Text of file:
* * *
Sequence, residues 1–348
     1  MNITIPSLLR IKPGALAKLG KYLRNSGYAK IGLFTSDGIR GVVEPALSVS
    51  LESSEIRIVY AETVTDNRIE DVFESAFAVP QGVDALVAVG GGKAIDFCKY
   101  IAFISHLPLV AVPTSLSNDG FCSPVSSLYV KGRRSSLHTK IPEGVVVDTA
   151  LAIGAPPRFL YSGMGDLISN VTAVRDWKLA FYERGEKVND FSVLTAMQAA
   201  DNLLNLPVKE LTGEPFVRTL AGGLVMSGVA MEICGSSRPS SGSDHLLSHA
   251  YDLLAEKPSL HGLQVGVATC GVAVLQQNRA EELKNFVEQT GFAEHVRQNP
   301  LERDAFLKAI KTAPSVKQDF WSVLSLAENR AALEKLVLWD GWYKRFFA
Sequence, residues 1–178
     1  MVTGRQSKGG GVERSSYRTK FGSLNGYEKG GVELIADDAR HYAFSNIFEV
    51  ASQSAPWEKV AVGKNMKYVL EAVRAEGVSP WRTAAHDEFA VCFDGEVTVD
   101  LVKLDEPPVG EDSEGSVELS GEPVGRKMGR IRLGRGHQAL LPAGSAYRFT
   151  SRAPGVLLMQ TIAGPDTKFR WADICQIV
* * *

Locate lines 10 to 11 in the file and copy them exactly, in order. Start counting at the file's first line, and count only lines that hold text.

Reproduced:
     1  MVTGRQSKGG GVERSSYRTK FGSLNGYEKG GVELIADDAR HYAFSNIFEV
    51  ASQSAPWEKV AVGKNMKYVL EAVRAEGVSP WRTAAHDEFA VCFDGEVTVD